So, it’s critically important to be someone who people trust and depend on to exercise careful judgment, be attentive, and act with integrity and respect. And it’s not sufficient to do this with those most senior decision-makers, or just with your own clients and colleagues.

Over time, people get promoted and move from job to job both within and across public and private sectors. So, I’ve sought to live up to these aims in all my professional interactions, and I’m proud of the long-term relationships I’ve developed with clients, colleagues and former colleagues, and policymakers.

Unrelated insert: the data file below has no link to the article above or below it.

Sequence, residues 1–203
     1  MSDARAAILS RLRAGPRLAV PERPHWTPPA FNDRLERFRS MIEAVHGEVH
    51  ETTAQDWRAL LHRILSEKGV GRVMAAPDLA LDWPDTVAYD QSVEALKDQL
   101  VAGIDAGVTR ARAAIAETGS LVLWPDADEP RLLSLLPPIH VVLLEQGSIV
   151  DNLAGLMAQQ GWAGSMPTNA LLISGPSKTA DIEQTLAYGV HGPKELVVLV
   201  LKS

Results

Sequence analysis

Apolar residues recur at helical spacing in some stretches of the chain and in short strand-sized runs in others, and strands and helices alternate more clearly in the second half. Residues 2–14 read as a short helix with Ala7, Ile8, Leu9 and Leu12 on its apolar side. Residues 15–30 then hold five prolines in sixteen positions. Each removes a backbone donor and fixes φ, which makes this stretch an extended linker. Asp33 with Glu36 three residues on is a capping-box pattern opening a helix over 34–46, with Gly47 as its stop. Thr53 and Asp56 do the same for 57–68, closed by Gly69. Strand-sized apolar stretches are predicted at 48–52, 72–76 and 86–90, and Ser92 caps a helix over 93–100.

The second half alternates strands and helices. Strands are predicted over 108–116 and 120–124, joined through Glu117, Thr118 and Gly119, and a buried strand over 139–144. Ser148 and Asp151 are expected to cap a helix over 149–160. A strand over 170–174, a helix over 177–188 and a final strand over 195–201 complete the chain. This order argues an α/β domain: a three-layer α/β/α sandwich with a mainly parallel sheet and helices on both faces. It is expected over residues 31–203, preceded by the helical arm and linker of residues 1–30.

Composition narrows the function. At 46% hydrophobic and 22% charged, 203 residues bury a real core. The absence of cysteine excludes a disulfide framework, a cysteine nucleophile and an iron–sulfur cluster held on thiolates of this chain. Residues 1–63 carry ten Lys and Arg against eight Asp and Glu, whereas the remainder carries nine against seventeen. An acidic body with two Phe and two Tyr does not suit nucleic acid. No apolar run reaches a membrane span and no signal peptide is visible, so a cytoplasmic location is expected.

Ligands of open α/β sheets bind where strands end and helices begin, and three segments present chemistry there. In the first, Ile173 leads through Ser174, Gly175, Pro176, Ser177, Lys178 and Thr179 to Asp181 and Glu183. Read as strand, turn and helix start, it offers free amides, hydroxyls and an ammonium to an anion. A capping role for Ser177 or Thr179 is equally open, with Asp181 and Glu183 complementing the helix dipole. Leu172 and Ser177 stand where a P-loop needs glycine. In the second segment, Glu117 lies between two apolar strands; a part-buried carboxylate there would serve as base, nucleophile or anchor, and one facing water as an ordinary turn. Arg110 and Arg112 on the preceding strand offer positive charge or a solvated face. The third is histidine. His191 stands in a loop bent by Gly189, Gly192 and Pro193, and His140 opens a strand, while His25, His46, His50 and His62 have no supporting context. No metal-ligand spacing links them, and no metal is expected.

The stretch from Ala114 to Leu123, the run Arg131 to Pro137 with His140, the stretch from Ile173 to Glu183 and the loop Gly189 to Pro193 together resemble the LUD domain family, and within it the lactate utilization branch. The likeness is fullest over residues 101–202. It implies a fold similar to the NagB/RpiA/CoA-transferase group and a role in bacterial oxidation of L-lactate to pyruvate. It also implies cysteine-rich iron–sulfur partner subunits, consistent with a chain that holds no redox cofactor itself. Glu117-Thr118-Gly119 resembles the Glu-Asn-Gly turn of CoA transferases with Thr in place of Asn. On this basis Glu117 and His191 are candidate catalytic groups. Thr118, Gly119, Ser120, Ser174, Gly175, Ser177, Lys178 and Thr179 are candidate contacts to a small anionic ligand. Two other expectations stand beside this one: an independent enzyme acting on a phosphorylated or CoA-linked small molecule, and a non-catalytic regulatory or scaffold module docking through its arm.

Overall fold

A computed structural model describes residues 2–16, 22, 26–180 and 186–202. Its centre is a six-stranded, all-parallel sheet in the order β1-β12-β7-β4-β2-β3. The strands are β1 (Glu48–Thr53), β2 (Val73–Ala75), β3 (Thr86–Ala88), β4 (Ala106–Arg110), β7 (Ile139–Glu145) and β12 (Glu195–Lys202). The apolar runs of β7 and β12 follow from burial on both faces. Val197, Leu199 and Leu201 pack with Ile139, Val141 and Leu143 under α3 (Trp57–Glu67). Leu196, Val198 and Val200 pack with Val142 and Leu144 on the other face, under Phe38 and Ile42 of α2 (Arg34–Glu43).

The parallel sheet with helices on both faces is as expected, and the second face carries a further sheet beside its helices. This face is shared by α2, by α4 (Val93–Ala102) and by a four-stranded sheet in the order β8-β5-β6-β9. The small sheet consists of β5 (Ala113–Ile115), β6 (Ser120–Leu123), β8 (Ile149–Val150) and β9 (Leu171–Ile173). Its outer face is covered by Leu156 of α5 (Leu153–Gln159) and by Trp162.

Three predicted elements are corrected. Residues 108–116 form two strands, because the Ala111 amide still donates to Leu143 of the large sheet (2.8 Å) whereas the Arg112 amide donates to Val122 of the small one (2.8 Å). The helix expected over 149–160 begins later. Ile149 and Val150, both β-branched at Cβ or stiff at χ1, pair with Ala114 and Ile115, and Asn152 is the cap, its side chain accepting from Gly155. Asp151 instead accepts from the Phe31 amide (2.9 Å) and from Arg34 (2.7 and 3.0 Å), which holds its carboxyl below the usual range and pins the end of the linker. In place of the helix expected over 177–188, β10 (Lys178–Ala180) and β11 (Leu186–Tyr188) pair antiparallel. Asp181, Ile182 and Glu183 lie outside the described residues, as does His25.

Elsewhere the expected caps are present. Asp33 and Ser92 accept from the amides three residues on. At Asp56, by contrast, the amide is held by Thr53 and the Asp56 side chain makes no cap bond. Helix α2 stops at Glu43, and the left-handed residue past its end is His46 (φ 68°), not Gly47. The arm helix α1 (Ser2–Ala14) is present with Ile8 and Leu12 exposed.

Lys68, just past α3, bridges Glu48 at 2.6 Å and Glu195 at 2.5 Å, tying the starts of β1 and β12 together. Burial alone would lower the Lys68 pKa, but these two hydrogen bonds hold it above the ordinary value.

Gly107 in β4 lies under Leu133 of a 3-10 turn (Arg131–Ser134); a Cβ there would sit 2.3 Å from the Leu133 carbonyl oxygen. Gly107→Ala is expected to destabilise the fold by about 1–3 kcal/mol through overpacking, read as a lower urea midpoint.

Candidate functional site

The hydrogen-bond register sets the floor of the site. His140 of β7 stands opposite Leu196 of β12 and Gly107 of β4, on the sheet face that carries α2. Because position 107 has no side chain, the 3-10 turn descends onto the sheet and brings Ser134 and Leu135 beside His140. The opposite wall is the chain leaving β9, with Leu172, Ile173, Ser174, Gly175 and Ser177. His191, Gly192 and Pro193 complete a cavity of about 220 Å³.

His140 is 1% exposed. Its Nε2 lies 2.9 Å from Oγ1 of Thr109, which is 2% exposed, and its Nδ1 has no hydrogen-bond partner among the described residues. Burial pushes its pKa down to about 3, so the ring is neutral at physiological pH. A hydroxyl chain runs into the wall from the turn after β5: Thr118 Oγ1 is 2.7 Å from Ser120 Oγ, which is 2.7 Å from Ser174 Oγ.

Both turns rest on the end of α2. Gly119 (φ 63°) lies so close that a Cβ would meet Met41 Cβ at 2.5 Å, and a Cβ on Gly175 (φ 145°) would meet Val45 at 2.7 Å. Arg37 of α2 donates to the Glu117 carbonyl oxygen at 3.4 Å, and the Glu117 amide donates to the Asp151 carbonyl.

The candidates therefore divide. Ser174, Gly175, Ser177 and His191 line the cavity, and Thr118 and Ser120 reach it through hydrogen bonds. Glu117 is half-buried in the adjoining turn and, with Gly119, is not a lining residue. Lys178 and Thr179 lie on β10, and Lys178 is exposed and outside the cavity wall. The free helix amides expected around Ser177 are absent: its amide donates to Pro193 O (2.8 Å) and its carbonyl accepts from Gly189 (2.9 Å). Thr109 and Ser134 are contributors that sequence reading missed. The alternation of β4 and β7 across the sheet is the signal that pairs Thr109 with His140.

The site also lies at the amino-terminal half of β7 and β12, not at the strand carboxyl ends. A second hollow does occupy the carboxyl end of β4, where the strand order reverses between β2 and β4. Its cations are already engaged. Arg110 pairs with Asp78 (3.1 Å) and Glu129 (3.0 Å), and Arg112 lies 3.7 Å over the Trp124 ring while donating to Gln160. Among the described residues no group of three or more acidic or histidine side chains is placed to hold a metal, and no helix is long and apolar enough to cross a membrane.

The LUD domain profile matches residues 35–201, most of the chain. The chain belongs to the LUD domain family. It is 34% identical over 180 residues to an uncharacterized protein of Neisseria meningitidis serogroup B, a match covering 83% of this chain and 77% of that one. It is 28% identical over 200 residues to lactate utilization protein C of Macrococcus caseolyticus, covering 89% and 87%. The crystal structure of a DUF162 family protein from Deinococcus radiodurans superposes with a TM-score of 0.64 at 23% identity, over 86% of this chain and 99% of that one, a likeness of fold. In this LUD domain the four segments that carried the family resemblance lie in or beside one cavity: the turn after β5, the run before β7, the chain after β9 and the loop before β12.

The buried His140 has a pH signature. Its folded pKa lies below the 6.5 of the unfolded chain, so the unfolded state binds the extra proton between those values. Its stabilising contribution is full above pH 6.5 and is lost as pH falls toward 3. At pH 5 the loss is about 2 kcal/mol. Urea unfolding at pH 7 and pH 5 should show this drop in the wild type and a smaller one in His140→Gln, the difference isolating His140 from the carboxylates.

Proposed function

Who is your greatest mentor in the law and what have they taught you?

My greatest mentor in the law is Ed Rosen, a now-retired Cleary Gottlieb partner who led the firm’s derivatives practice when I was an associate. I owe many things to Ed, but there are two lessons to which I find myself returning repeatedly. The first is to constantly push yourself; every legal analysis could benefit from at least one more (and usually several more) close reads of the statute, rule or case at hand, and every contract, brief, or comment letter could benefit from one more (and usually several more) edits to make it more precise and concise.